Return to South Town by Lorenz B. Graham, Hardcover | Barnes & Noble
Return to South Town

Return to South Town

by Lorenz B. Graham

Editorial Reviews

Publishers Weekly - Publishers Weekly
In the words of Rudine Sims Bishop, from her foreword, Lorenz Graham "helped pave the way for the development of contemporary African American literature for children and young adults" with his Town novels-South Town; North Town; Whose Town?; and Return to South Town. The four books span 15 years in the life of their protagonist, David Williams, whom readers first meet as a 15-year-old in the rural south of the 1950s. The first title chronicles a dangerous summer for David, when an act of heroism backfires under the constant pressure caused by the bigotry and Jim Crow laws that control his daily life. In North Town, although David's family has moved to a Northern city where racial divisions are less obvious, bigotry makes David's dream of becoming a doctor seem even more remote. Racial violence becomes more pronounced in Whose Town?, as the civil rights movement gathers momentum. Return to South Town features an adult David and his effort to become the first practicing black doctor in his hometown. Copyright 2003 Reed Business Information.
Children's Literature
The last of Graham's four "Town" books concludes the saga of David Williams as he returns to his childhood home at the age of thirty—armed with a medical degree. Attitudes have improved in the fifteen years since he fled North, but a few diehard racists still hold fast. It's his old nemesis, Harold Boyd, who David must fight this time for the right to gain his local license to set up a family practice. Through the fortuitous deus ex machina of a plane crash, David is allowed to prove his capabilities and confront Boyd. In the process of retelling recent history, Graham's hero becomes a symbol for struggling young blacks. Feelings of powerlessness and occasional anger imbue David, but his shyness and passivity keep him from becoming a major player in events, except where they really matter, in education. This is Lorenz Graham's true message: Education shall make you free. The author was the precursor to African-American literature for children. He paved the way so that later writers such as Christopher Paul Curtis could be heard. Even as the series becomes more tract than fiction, it is good that his saga of David Williams's struggle and rise within the burgeoning civil rights movement has been reissued for a new generation. 2003 (orig. 1976), Boyds Mills Press, Ages 12 up.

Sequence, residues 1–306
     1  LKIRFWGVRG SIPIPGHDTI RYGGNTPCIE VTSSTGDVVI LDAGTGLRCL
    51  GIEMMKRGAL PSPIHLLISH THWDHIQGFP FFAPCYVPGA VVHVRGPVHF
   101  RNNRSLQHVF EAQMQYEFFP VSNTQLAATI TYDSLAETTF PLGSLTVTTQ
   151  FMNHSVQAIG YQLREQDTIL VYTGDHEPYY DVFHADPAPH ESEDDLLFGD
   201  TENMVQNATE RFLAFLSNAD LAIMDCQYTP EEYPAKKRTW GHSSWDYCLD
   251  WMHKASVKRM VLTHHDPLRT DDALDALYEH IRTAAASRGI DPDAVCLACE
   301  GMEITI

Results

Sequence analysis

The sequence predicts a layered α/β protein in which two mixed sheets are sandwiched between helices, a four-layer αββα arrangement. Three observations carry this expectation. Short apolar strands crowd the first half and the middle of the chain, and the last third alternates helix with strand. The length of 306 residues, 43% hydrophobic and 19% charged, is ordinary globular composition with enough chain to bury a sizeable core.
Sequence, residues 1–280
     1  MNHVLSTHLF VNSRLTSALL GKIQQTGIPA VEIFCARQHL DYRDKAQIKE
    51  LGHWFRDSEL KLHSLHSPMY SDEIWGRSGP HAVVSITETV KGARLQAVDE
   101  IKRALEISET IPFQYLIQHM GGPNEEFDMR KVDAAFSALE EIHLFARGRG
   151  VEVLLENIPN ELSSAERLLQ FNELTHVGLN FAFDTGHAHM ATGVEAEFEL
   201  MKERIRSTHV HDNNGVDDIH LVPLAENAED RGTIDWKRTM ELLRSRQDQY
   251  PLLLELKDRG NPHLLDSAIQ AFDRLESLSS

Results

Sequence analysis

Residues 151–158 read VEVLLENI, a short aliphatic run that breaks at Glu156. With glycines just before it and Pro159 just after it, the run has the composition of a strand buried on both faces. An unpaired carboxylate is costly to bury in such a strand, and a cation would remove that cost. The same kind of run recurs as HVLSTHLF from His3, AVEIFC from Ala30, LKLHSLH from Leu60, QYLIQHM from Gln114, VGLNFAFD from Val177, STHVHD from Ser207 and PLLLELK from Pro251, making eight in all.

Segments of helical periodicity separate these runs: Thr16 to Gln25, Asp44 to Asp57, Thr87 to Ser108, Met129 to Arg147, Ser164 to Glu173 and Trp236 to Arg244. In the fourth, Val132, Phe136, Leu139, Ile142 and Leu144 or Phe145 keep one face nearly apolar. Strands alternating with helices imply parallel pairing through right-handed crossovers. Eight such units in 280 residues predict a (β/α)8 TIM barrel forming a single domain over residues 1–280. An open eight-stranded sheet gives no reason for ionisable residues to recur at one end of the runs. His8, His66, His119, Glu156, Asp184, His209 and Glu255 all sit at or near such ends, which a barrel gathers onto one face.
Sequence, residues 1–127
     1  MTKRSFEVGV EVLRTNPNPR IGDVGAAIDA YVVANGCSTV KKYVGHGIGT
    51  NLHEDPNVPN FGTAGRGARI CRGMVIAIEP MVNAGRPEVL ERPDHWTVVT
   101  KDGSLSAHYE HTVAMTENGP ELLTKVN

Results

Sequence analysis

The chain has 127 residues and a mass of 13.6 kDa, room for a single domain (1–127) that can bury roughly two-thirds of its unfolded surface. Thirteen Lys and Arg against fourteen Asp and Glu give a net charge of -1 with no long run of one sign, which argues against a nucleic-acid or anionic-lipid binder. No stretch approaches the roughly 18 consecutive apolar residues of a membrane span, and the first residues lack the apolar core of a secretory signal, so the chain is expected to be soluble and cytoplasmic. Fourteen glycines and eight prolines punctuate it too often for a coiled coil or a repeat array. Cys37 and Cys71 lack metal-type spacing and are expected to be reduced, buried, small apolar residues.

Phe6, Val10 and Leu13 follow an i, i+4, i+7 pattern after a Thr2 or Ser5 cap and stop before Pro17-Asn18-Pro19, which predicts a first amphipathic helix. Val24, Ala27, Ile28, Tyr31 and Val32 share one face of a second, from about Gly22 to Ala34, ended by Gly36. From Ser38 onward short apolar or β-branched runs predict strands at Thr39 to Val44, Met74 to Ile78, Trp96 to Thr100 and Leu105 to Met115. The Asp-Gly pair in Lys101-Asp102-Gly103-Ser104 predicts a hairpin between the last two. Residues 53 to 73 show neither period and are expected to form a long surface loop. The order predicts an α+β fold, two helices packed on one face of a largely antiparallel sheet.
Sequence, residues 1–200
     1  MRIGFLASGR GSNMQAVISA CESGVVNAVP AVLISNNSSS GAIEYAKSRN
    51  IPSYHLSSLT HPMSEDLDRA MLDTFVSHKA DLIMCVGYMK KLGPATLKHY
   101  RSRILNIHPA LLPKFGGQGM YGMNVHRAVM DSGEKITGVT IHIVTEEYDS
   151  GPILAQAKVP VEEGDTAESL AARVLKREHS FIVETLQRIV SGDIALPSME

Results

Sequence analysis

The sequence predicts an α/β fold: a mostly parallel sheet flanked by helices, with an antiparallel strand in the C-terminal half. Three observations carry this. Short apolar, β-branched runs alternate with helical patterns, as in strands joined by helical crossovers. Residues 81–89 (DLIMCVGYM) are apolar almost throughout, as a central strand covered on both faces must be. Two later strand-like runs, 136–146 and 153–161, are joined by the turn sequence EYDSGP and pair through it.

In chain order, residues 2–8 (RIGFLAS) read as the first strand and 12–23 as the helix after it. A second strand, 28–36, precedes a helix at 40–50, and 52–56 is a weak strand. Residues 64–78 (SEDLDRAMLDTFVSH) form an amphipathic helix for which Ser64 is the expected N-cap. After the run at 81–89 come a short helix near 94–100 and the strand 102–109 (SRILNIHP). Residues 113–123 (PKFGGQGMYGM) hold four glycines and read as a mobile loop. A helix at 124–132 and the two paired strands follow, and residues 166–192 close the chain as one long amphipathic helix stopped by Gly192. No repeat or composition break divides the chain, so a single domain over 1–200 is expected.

— Kathleen Karr

Product Details

HarperCollins Publishers
Publication date:
Age Range:
12 Years

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